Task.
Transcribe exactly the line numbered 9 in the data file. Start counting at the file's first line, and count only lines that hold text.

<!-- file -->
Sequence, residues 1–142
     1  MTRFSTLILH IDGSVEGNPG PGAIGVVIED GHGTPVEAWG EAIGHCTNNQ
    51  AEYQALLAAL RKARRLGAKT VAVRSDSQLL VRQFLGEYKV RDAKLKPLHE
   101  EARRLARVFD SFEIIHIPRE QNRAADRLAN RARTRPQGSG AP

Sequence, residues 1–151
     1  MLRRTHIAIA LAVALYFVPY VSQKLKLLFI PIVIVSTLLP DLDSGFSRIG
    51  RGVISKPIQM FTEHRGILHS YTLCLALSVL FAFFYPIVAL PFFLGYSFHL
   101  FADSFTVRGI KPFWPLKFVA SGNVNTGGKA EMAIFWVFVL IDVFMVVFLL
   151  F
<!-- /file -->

   151  F